Dynamic Validation Used to validate an input value through an HTTP request by providing a specific configuration to setup a data binding via a request and a value mapping.

Adding Dropdown Options

There are two methods of adding dropdown options, static and dynamic.

Static Options

To add static options for a dropdown, set the options type to static. Click the + Option button to add items to the draggable list and use the input field to change the value of the dropdown option. Use the drag handle icon Drag Handle to reorganize the list items via drag and drop. Use the trashcan icon Delete Icon to remove an item from the dropdown options.

Figure 27: Static Options Editor

Editor Static Dropdown Options

Dynamic Options

To utilize dynamic options for a dropdown, the following fields have to be configured.

Property Description
Method The request method.
Request Body The request body in the form of JSON.
Base URL The request scheme/protocol + authority + optional port.
API Route The request path + optional query.
Source Property A property on the response that contains the array to use as the dropdown options.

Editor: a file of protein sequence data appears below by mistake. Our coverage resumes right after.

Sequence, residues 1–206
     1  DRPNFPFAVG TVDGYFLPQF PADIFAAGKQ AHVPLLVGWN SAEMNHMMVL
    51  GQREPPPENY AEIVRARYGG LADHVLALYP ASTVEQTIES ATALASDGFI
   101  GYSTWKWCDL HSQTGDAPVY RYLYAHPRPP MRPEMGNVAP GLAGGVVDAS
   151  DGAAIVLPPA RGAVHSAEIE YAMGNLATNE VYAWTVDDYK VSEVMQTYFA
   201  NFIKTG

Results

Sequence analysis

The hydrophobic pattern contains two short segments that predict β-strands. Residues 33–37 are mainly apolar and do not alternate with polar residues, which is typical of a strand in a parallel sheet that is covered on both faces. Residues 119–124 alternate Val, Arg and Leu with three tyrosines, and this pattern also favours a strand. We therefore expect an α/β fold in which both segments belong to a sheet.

Property Key A property that exists for each of the objects within the array selected on the source property that will become the value of the dropdown options.

The fields that are set in the form configure the HTTP request and the data mapping that will occur when the form is rendered. Follow these steps to configure the request:

  1. Select a Method. If POST is selected, then the Request Body field requires input.
  2. Input the Base URL.
  3. Input the API Route.
  4. Click the Make API Call button to view the response from the request.
  5. Select the Source Property.
  6. Select the Property Key.
  7. Click the Query Data button to see a preview of the values that will populate as the dropdown's options.
  8. Click the Back button once all configurations have been set.

Figure 28: Dynamic Options Editor

Editor Dynamic Dropdown Options

Adding Validation